Sonata da chiesa

Sonata da chiesa (1998)
for flute and organ
Dan Locklair

Commissioned by the American Guild of Organists’s 1999 Regional Convention (Knoxville, Tennessee Chapter), my Sonata da chiesa (1998) is written for flute and a one-manual, three-stop (8’,4’,2’) portative organ with short keyboard (C – F) and no pedal. Approximately twelve minutes in length, Sonata da chiesa (1998) is easily adaptable to a larger organ by following the spirit of the registration suggestions given throughout the piece.

Historically, the terms sonata da chiesa (church sonata) and sonata da camera (chamber sonata) had their roots in the early baroque period (early 1600’s) and referred not to a form or genre but to a place of performance (church or court respectively). Later, the Italian composer, Archangelo Corelli (1653-1713), standardized the sonata da chiesa as a four-movement piece with a slow-fast-slow-fast tempo scheme and the sonata da camera as a suite of several traditional binary form dance movements, usually preceded by an introduction.

My Sonata da chiesa (1998), composed during the late spring and early summer of 1998, is influenced by the spirit of the baroque and by a number of qualities inherent in the sonata da chiesa and the sonata da camera. In many ways, the sacred and secular are bridged in Sonata da chiesa (1998).

As with the traditional sonata da chiesa, Sonata da chiesa (1998) follows a slow-fast-slow-fast four-movement scheme. Not typical of the traditional sonata da chiesa, yet reflecting the influence of the church, is the well-known 16th century chorale melody, Wie schön leuchtet (“How Brightly Shines the Morning Star”) which forms the melodic basis for the first and third movements (as well as the AAB form of Movement 1). Attributed to Philipp Nicolai (1556-1608), this melody has long been one of Germany’s most popular chorale melodies, as it is particularly associated with weddings and other church festival occasions.

The most obvious sonata da camera quality of Sonata da chiesa (1998) is the place of its World Premiere : The Knoxville Museum of Art (28 June 1999, Robert Cronin [flute], André Lash, [organ]). All four movements, in some way, display the spirit of dance, but there are no traditional baroque dances present. Movement 4 is the only movement that is in the traditional two-part, binary form of dances making up baroque suites, although Movement 1 is influenced by the baroque dance, the sarabande. Though not a dance form, the baroque ground bass technique, chaconne, is at the heart of Movement 3 and this chaconne is previewed in both Movements 1 and 2. In the baroque sonata da camera, as in all baroque suites, all the pieces are in the same key. In Sonata da chiesa (1998) each of the four movements is based on the same tonal center, C (1 : C Major; 2 : C Lydian mode; 3 : C chromatic; 4 : I /IV C major/F major “Amen cadence” chords, alternating with the same I/IV harmonies of E major/A major).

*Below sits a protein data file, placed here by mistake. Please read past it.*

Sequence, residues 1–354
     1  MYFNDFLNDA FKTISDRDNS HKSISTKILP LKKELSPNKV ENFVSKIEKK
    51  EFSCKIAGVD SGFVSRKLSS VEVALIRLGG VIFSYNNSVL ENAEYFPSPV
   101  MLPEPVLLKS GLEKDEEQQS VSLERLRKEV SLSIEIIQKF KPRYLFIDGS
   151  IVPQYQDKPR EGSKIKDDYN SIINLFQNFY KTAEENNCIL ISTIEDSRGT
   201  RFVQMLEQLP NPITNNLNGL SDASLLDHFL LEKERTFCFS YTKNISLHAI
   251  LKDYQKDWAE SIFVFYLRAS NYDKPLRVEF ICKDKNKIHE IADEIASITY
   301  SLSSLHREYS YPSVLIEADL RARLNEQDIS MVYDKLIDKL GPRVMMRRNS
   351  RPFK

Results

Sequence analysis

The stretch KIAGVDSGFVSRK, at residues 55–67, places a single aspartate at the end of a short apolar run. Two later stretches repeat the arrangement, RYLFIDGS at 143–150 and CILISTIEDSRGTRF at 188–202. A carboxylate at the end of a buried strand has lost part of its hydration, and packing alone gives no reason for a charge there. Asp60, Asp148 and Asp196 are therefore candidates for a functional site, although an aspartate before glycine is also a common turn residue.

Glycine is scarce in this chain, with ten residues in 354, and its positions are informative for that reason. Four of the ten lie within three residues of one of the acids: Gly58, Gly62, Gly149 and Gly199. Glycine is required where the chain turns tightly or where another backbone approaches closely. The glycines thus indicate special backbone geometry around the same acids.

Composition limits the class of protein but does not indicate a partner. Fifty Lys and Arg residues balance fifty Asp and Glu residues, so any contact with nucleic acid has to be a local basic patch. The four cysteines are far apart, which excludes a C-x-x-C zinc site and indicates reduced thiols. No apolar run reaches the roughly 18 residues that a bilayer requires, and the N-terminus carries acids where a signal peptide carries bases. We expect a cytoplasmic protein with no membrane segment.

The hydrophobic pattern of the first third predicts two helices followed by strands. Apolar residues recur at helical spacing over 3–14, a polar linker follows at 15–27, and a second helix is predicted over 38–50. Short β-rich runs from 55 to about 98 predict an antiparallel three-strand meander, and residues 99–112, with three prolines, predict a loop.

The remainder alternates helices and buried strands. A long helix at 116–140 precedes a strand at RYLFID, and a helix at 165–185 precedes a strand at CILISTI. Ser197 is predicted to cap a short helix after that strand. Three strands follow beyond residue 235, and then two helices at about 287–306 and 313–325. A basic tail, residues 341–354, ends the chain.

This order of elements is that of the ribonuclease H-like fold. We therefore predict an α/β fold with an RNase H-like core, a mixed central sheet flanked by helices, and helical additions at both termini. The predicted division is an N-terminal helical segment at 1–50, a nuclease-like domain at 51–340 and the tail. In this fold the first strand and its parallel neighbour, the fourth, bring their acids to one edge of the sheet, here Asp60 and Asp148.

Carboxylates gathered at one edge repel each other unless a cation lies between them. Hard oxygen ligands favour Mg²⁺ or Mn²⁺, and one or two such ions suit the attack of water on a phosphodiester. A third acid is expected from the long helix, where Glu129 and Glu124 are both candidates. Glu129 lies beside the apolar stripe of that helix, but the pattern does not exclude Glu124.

Subtitles are given for each movement, which provide the extra-musical stimuli. These subtitles are similar to those found in topical indices of hymnals and here help frame the piece. While it is best for the composition to be played as a whole, individual movements may be excerpted.

I wish to express my thanks to the Knoxville AGO Region IV Convention Committee for offering me this commission.
Duration :
1.Processional – “Beginning of Worship” : ca. 2’ 10”
2.“Adoration and Praise” : ca. 2’ 30”
3.“Faith and Aspiration” (Chaconne) : ca. 4’ 20”
4.Amen – “Close of Worship” : ca. 3
Total duration : ca. 12 minutes

Dan Locklair
Winston-Salem, North Carolina (USA), Summer 1998